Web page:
As consumers, most of us already switch between offline stores and online shopping. Whether we’re using mobile apps, mobile websites, or visit in-person, we expect brands to have the same experience every step of the way. B2B buyers are no different, expecting omnichannel experiences throughout their long buying journeys.

MOBILE-GROWTH

MOBILE GROWTH

Mobile web traffic is doubling every five years and B2B is no exception. As mobile-dependent millennials move into managerial positions, mobile usage of B2B buyers is projected to increase dramatically in the near future. With that, so will B2B sellers, looking to gather high-value leads and engage with opportunities.

DATA-ANALYTICS

DATA ANALYTICS

The reliance on data and analytics will drive the overall future shopping experience, loyalty programs and payments. As customer demands change, the reliance on demographics, location, and customers situational data to make the best marketing decisions will be utilized, too.

CONVERSATIONAL-COMMERCE

CONVERSATIONAL COMMERCE

With one in six US adults owning a voice-activated device, voice searching, ordering, and confirmation is already gaining momentum. This represents an opportunity for newcomers - previously offline sellers - and existing sellers to improve customer experience with repetitive ordering.

VR

VR AND AR

VR (virtual reality experiences) and AR (augmented reality) have the possibility to make inroads where immersive experiences matter. Some B2B sellers will need to allow buyers to virtually try out and confirm complex products such as replacement parts or custom designs.

AI-AND-IOT

AI AND IOT

The impact of AI and IoT on B2B eCommerce can not be overstated. Everyone involved in the process - from suppliers, managers, marketers, sales reps to customers - can benefit from a more accurate prediction of their desired outcomes, and receive recommendations with the right course of action.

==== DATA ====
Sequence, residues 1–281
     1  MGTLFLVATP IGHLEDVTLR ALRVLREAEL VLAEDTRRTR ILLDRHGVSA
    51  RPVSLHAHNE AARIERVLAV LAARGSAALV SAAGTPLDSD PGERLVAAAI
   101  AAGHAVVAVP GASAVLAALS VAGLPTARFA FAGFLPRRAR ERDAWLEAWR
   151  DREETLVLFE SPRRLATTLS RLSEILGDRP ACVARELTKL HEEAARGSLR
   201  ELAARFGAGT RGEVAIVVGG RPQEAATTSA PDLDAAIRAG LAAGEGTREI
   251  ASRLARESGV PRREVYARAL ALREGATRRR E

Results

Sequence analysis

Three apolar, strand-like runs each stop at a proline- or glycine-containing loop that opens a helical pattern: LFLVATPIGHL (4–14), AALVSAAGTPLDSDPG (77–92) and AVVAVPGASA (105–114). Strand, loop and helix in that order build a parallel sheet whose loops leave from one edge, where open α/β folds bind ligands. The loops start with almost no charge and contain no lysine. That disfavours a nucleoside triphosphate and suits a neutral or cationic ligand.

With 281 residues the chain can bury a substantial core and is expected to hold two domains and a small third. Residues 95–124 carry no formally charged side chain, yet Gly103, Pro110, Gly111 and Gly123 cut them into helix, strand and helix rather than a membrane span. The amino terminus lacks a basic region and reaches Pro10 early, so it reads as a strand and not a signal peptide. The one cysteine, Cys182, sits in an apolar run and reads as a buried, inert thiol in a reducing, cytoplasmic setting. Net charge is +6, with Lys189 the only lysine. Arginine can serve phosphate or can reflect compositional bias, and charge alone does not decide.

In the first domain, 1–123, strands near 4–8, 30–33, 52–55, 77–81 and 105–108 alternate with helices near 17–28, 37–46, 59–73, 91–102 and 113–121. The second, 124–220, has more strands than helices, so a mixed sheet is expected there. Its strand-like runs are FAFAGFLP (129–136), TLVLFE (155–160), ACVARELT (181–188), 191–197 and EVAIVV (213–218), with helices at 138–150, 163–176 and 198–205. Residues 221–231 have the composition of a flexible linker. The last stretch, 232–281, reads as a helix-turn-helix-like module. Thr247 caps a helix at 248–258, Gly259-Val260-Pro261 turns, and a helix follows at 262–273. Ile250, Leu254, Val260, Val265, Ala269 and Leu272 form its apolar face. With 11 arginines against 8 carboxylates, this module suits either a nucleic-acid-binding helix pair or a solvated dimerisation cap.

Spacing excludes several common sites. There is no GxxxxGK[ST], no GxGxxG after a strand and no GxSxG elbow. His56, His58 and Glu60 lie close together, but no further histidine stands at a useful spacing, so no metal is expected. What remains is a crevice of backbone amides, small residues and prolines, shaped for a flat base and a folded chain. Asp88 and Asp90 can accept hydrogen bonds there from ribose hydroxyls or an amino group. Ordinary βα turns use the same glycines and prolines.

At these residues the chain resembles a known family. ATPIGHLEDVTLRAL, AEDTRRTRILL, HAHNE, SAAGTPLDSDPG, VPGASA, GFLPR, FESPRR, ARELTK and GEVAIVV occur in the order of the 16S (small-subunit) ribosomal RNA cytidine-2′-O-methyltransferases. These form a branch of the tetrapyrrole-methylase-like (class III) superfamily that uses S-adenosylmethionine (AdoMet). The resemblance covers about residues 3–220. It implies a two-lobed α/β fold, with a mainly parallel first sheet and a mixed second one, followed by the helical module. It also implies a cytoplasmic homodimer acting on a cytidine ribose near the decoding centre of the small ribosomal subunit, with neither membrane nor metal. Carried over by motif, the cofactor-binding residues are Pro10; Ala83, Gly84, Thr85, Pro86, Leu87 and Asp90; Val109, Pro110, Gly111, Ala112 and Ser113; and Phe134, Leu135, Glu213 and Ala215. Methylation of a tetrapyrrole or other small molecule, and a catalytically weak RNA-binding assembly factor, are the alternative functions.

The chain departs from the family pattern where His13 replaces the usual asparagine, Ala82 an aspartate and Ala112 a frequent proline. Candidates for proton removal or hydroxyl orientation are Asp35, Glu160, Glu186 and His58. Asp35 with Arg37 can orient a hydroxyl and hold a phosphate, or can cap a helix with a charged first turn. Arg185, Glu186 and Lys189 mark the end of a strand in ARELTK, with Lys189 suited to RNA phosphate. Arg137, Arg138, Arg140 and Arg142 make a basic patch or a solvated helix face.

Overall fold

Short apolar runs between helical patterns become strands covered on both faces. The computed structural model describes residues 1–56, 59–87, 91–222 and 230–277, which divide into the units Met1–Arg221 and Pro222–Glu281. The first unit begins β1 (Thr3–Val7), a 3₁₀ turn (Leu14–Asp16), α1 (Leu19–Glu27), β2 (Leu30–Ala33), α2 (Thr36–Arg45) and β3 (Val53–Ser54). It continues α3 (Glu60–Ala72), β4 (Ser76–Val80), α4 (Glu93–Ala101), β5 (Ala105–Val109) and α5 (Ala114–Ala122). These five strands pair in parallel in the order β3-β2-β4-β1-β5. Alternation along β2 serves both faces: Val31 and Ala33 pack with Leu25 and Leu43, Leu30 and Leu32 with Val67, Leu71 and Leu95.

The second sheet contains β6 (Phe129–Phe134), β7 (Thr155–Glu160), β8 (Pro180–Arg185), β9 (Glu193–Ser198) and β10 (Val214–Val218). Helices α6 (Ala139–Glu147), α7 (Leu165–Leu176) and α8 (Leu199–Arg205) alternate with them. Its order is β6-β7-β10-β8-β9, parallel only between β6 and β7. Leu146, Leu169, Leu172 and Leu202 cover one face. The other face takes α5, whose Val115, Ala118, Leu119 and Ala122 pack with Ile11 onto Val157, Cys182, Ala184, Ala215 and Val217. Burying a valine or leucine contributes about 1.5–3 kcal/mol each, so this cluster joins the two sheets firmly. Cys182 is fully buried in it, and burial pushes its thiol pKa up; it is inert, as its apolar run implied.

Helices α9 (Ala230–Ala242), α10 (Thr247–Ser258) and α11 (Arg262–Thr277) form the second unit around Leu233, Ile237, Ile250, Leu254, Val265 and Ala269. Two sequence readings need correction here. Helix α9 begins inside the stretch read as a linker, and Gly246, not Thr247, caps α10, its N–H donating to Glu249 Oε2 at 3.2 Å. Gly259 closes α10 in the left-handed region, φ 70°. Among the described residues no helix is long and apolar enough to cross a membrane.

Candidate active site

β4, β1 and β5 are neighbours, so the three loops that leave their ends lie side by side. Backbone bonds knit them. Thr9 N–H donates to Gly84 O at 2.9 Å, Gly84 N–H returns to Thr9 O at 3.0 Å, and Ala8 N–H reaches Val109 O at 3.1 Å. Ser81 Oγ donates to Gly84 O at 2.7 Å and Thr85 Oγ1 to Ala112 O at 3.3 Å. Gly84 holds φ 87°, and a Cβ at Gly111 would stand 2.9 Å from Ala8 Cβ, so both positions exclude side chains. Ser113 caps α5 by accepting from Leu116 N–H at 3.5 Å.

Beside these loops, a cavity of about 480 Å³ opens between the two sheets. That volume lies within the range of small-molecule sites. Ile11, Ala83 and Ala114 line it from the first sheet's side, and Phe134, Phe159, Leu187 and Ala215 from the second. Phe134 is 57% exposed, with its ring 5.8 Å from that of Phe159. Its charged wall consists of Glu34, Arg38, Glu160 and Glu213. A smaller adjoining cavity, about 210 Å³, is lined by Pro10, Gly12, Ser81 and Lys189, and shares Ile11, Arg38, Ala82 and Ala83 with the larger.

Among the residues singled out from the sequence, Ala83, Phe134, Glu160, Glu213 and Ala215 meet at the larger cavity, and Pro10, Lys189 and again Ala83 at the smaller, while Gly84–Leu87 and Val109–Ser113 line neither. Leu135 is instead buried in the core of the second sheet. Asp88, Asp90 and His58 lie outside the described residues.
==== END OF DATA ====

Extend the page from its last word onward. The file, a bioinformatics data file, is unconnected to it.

Progressive-Web-Apps

PWA

Progressive Web Apps (PWAs), in comparison with mobile apps developed for Android or Apple, operate directly out of the web browser. This trend is gaining momentum not only with web services, but eCommerce in particular. Storefronts with PWA enabled technology are more accessible, convenient, thus able to drive sales.

3. What are the differences Between B2B and B2C?

In order to understand what sets B2B apart from B2C, we need to consider who exactly it is we’re selling to. B2C sellers (think Nordstrom, Walmart, and so on) target the general public, so their online experience usually mimics the in-store experience.

B2B sellers, by comparison, don’t follow the same linear path. That’s because B2B customers can span different industries and verticals, all having different needs and buying processes. A single medical supplies distributor can sell to labs, private clinics, or publicly funded hospitals. Similarly, a forklift parts manufacturer can sell to a B2C retailer and a distributor, who then sells to an equipment rental company.